Presenting another entry in our extensive Listening in Depth series.
Much like we said about the Please Please Me Hot Stampers, on the top copies the presence of the vocals and guitars is so real it’s positively startling at times.
Drop the needle on You’ve Got To Hide Your Love Away and turn up the volume — on the best copies it will be as if John and Paul were right there in your living room.
The best import copies of this album sound AMAZING, but the typical one is pretty mediocre. Most tend to be dull, with not enough extension up top, as well as thin, lacking weight and body from the lower midrange on down.
In-Depth Track Commentary
Help! (A Number One Hit)
The Night Before
One of the biggest problems we found with this album is that the top end tends to be somewhat lacking. On the better copies, the cymbals on this track will sound correct and lively.
You’ve Got to Hide Your Love Away
One of the reasons this song sounds so good is that there are only acoustic instruments being played. There’s not an electric guitar to be found anywhere in the mix, one of the few tracks that can make that claim. We love the Tubey Magical guitars and voices found on early Beatles albums, and this song is a good example of both.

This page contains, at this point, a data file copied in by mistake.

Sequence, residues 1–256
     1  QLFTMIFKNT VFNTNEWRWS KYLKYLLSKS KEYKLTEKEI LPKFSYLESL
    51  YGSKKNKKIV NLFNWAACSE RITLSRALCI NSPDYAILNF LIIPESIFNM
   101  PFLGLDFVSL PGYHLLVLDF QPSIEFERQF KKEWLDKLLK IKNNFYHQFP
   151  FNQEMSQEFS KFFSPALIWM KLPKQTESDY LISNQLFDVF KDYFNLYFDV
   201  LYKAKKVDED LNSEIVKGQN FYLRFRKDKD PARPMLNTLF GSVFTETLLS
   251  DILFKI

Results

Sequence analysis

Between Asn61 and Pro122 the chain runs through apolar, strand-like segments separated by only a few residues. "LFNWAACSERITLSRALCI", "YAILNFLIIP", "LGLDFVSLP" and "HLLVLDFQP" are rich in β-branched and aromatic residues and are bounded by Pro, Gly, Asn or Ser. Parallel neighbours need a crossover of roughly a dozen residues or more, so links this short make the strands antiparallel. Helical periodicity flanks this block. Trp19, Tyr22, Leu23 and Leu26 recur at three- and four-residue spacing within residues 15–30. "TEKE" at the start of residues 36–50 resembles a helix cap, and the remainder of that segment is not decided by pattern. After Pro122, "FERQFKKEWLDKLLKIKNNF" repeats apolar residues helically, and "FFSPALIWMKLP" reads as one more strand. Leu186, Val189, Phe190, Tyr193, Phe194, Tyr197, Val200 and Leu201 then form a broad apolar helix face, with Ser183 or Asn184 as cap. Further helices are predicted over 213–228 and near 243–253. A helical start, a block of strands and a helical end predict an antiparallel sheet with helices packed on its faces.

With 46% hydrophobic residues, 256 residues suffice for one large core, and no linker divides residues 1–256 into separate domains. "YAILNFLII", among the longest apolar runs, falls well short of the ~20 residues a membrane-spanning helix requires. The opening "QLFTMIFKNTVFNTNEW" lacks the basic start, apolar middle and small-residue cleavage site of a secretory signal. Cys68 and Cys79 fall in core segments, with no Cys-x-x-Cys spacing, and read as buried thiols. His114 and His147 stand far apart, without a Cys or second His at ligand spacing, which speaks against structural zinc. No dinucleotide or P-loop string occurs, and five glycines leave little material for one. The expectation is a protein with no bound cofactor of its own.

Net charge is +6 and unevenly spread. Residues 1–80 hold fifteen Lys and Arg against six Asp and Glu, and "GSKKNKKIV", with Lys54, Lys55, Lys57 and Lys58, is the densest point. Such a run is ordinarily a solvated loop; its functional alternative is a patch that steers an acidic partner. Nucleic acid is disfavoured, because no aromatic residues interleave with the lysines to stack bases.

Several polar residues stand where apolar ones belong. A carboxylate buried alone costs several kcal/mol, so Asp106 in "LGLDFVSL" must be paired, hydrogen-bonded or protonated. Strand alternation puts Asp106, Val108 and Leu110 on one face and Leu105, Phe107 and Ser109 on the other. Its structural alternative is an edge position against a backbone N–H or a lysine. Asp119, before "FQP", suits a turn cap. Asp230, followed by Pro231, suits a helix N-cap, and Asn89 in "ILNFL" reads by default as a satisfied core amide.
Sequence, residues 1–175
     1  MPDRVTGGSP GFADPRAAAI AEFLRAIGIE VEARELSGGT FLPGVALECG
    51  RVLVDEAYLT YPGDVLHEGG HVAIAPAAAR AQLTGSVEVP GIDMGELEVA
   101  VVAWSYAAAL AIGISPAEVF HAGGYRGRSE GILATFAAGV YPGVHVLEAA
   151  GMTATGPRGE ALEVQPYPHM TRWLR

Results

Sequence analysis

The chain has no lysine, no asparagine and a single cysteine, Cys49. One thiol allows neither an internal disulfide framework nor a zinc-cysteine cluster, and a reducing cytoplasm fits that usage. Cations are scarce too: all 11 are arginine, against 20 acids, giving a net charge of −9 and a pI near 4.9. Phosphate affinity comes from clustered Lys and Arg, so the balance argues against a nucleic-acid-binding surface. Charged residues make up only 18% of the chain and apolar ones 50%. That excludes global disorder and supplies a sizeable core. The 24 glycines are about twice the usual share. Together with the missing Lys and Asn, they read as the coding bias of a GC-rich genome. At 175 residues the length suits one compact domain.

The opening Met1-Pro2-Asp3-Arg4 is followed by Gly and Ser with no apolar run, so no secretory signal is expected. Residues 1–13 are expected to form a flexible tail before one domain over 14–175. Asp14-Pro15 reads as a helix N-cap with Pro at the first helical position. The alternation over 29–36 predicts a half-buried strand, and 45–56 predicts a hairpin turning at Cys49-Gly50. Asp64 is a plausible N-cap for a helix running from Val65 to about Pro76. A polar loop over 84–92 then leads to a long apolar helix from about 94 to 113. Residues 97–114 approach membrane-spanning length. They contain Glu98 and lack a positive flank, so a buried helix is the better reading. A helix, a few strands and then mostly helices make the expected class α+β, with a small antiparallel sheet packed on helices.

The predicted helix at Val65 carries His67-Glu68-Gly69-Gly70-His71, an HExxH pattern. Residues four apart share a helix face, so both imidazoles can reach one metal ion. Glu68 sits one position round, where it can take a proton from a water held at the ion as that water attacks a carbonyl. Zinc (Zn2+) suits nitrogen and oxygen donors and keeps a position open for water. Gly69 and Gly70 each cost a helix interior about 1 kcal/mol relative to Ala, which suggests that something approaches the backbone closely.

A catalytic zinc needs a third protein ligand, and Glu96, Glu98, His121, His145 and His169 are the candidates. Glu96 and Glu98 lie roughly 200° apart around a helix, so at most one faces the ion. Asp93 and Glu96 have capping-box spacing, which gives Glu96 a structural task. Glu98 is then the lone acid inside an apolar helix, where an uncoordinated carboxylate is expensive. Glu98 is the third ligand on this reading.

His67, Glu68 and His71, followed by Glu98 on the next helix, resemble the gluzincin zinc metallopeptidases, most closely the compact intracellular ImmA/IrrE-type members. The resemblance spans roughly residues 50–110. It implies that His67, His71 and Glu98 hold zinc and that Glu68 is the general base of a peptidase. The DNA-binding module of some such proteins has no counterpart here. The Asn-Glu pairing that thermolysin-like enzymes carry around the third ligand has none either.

I Need You
You’re Gonna Lose That Girl
Ticket to Ride (A Number One Hit)
It’s Only Love
One of the best sounding tracks on the album. The better copies have an exceptionally sweet and open top end. John’s voice is double tracked and sounds wonderful.
You Like Me Too Much
Tell Me What You See
This track has harmonic distortion which can clearly be heard on the vocals. When the chorus comes in it’s quite obvious that there are extra generations of tape between you and The Beatles.
That said, the better the copy the less the shortcomings of the pressing will add to the distortion that’s already on the tape.
I’ve Just Seen a Face
This is potentially one of the best sounding tracks on side two. If you have a Hot Stamper and want to impress your audiophile friends, this track should do the trick.
We stand by our earlier assertion that this song can sound wonderful on a German pressing (the rest of the album not so much).
The right Brit pressings deliver plenty of warmth, sweetness, and midrange magic on this beautiful song. Just listen to the texture on the strings to hear what’s right about the estimable Norman Smith’s one-inch, four-track, all-tube engineering.
Dizzy Miss Lizzy
Not one of the better sounding songs on Help, but a good test for tonality. If your copy is even slightly bright this track will tear your head off.